5,000 foreigners flagged by advanced surveillance sweep: latest Chinese data breach


According to the latest data breach from a Chinese agency, more than 5,000 foreigners were tracked when visiting mainland China between 2017 and 2018. Some on the list say they only had one day in China or had passed Shanghai.

One cybersecurity expert said that modern data breaches are unique in their sophistication, such as the use of facial recognition and the collection of passport IDs.

This information was edited by the Shanghai Public Security Bureau, a local-level branch of the Ministry of Public Security, Beijing’s main oversight body.

The data breach contains more than 1.1 million surveillance records, involving 25,000 “stakeholders” in China and 5,000 foreigners, including government officials and employees of Mitsubishi and US manufacturing giant 3M. Contains information.

Shanghai
A man wearing a protective mask is walking under a surveillance camera due to a new coronavirus outbreak in Shanghai, China, on March 4, 2020. (Aly Song / Reuters)

A hacker found an unprotected database named “Uyghur Terrorist” on an open source platform and provided it to Australian security officer, media organization, and Canberra-based cybersecurity firm Internet 2.0. ABC..

Information compiled by the Department of Public Security (PSB) includes face and vehicle recognition photos, immigration data, reports from informants, and details and photos of foreign passports collected when traveling to Shanghai in 2017. Was included.

More than 161 Australian citizens were flagged by the PSB when they passed the immigration office at Pudong International Airport in Shanghai in 2018.

Epoch Times Photo
Passengers wearing face masks will be checked by airport security staff upon arrival at Shanghai Pudong International Airport in Shanghai, China on March 18, 2020. (Hector Retamal / AFP via Getty Images)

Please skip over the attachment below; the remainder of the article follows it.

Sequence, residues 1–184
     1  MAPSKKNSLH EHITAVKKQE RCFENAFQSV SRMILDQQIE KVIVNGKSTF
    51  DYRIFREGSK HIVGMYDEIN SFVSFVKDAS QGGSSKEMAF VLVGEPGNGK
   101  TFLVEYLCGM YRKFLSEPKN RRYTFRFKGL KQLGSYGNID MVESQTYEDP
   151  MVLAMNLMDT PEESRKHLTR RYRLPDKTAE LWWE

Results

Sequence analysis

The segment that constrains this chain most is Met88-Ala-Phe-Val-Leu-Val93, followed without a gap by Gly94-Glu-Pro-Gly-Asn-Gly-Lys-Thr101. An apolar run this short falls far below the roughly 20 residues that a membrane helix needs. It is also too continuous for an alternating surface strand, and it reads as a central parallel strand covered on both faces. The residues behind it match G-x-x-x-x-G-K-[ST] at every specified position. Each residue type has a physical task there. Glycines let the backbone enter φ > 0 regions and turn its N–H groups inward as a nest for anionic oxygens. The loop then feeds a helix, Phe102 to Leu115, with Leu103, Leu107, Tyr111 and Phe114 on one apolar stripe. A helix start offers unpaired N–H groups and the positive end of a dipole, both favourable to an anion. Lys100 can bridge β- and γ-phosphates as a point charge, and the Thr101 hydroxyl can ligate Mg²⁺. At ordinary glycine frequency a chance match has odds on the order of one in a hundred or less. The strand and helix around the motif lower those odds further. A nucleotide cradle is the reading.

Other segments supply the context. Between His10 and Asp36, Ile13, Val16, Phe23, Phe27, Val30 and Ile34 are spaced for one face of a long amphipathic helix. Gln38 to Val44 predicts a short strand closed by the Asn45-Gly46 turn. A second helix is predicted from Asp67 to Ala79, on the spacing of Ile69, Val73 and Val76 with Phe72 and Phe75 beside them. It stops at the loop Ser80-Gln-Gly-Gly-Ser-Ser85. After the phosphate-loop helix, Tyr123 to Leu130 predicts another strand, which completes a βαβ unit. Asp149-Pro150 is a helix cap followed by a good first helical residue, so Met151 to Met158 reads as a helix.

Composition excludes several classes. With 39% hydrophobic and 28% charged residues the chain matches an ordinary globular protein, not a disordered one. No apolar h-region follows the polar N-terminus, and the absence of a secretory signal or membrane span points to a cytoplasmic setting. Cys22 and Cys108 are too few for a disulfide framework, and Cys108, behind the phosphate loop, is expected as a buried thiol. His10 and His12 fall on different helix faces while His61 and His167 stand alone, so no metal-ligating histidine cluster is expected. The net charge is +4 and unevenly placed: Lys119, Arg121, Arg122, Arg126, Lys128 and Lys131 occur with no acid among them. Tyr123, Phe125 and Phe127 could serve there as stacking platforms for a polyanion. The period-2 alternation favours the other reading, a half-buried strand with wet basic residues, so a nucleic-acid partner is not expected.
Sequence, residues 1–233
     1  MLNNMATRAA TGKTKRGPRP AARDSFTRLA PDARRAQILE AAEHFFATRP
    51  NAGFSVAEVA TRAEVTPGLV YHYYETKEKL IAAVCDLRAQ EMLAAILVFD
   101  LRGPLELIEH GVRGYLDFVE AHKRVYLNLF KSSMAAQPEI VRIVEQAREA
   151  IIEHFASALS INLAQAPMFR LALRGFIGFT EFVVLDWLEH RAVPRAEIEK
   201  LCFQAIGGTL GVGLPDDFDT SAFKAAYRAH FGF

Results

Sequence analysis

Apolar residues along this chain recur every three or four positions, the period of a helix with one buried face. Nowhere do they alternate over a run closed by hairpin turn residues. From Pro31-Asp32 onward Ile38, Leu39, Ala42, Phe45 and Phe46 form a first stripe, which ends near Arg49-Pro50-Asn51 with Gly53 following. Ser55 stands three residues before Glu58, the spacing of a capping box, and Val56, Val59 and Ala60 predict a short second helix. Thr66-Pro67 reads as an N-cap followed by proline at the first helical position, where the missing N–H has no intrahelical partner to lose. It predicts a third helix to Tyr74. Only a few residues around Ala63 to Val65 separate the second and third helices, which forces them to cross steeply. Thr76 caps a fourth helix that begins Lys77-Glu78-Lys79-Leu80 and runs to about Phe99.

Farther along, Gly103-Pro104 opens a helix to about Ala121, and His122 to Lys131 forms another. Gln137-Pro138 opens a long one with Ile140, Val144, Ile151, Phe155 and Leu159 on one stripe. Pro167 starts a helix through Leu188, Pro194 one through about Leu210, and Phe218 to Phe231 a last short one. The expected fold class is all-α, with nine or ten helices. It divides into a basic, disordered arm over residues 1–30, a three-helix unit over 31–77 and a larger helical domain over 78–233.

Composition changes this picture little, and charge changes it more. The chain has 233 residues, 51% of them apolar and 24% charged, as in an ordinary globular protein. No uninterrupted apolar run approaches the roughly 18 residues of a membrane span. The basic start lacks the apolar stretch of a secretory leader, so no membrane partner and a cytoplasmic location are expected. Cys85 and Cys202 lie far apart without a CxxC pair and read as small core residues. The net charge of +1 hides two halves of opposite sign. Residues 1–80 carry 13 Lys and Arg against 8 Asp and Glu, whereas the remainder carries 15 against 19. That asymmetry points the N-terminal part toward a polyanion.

A watchlist was also found that contained information about employees of 976 companies (Chinese and foreign companies).

Individuals on this list were flagged for having access to dangerous chemicals, drugs, and materials suitable for the production of explosives. Up to a quarter of these companies were foreign-affiliated companies, including 3M, Mitsubishi, and German pharmaceutical giant Bayer.

Up to 48 employees were tracked with facial recognition cameras as they traveled through Jinshan Port in Shanghai.

Vehicles are also tracked by the “intelligent vehicle surveillance” system, and owners had to install GPS tracking on their vehicles when handling dangerous goods.

Epoch Times Photo
On April 8, 2019, a Chinese paramilitary police officer is guarding in front of a security camera at Tiananmen Square in Beijing. (STR / AFP via Getty Images)

Australians from Ernst and Young, National Australia Bank, Telstra, Australian Agricultural Company, Department of Foreign Affairs, and the media group were also involved in the data sweep.

Janis Manning, co-owner of the publication Mediaweek, told ABC she was in Shanghai just for a stopover during the day.

“I’m more intriguing and mysterious than anything else,” Manning said.

“I think I’ve appeared in some databases, probably because I’ve been connected to the media in some senior positions throughout my career,” she added.